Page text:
House price inflation continues to slow – ONS

House price inflation slowed in October keeping prices flat on a monthly basis at £217,000, but sales volumes have improved, the Office for National Statistics has said.

The ONS House Price Index for October found that average house prices in the UK increased by 6.9% in the year to October, down from 7% in September and up just 0.1% on a monthly basis.

Sales volumes figures were all down on a yearly basis, albeit only up to August, dropping in all regions. Volumes were down 20.3% in England to 67,396 and fell 10.7% in Northern Ireland to 5,200, 2.8% in Scotland at 8,468 and 11.6% to 3,558 in Wales.

The drop in volumes is a slight improvement on July when levels were down 28.1% in England, 10.7% in Northern Ireland, 9.1% in Scotland and 23.4% in Wales.

The main contribution to the increase in UK house prices came from England, where house prices increased by 7.4% over the year to October, with the average price in England now £233,000.

Wales saw house prices increase by 4.4% over the last 12 months to stand at £147,000. In Scotland, the average price increased by 4.0% over the year to stand at £143,000. The average price in Northern Ireland currently stands at £124,000.

London continues to be the region with the highest average house price at £474,000, followed by the South-East and the East of England which stand at £313,000 and £279,000 respectively. The lowest average price continues to be in the North-East at £125,000.

The East of England is the region which showed the highest annual growth, with prices increasing by 12.3% in the year to October. Growth in the South-East was second highest at 9.1%, followed by London at 7.7%. The lowest annual growth was in the North-East, where prices increased by 2.7% over the year.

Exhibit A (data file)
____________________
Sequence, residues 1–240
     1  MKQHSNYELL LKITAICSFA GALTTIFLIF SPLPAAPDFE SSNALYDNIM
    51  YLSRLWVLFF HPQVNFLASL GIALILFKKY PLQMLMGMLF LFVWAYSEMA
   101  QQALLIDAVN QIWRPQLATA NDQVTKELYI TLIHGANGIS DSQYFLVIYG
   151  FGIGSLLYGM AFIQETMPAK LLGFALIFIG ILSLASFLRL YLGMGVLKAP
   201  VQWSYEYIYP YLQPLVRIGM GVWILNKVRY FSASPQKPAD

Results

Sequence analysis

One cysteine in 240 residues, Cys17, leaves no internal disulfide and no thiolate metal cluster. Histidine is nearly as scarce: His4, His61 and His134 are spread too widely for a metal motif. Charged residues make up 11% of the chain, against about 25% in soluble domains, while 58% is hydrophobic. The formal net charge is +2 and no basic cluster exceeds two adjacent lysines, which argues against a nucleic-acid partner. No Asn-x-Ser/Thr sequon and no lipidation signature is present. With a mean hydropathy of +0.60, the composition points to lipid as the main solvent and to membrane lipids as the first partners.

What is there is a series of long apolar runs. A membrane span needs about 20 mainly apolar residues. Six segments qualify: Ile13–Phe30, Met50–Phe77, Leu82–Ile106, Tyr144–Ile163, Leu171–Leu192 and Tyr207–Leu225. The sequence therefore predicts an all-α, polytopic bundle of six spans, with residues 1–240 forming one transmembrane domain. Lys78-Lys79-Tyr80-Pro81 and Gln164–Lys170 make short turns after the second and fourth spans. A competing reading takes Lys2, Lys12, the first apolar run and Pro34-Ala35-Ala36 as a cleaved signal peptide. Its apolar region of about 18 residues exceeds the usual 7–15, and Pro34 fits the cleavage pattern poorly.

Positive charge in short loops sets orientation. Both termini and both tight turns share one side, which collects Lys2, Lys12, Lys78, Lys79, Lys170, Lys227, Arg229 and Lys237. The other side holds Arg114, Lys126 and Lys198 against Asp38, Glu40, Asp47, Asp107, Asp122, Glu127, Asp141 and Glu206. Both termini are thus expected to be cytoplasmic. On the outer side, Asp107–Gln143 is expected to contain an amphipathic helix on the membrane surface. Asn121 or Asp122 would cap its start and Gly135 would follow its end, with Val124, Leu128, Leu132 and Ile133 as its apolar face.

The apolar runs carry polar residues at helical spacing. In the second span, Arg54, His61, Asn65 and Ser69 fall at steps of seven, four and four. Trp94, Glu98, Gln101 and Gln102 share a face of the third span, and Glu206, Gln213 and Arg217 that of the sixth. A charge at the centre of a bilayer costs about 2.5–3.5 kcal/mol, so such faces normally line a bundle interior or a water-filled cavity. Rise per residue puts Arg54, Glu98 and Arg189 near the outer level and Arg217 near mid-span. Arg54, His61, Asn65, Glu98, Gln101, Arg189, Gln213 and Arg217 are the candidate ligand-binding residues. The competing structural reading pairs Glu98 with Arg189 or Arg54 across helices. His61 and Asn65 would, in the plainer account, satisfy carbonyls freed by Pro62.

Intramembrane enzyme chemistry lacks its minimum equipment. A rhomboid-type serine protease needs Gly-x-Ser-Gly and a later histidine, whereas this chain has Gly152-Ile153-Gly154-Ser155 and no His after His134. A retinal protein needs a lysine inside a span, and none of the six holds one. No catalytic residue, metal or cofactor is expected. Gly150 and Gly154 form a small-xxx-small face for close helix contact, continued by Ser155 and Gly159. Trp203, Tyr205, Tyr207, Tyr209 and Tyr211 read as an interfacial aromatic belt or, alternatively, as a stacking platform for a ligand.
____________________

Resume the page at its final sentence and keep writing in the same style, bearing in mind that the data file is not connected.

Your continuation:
Jonathan Hopper, managing director of Garrington Property Finders, was slightly more optimistic in response to the figures.

He said: “The property market is creeping gingerly upwards in the final weeks of a tumultuous year.

“As the dust settles on the post-referendum maelstrom, the market’s soft landing has morphed into sedate but steady progress.

“For three months in a row, national price inflation has barely wavered from a solid 7% a year – even if the gulf between regional growth rates remains as huge as ever.

“On the front line, the mood is of cautious optimism. Fired by Britain’s seemingly flame-proof economic fundamentals and bargain interest rates, buyer demand is recovering well.

“Prices are being supported by the acute shortage of supply, but pragmatic sellers are often willing to trim prices in order to seal a deal before the Christmas shutdown.”


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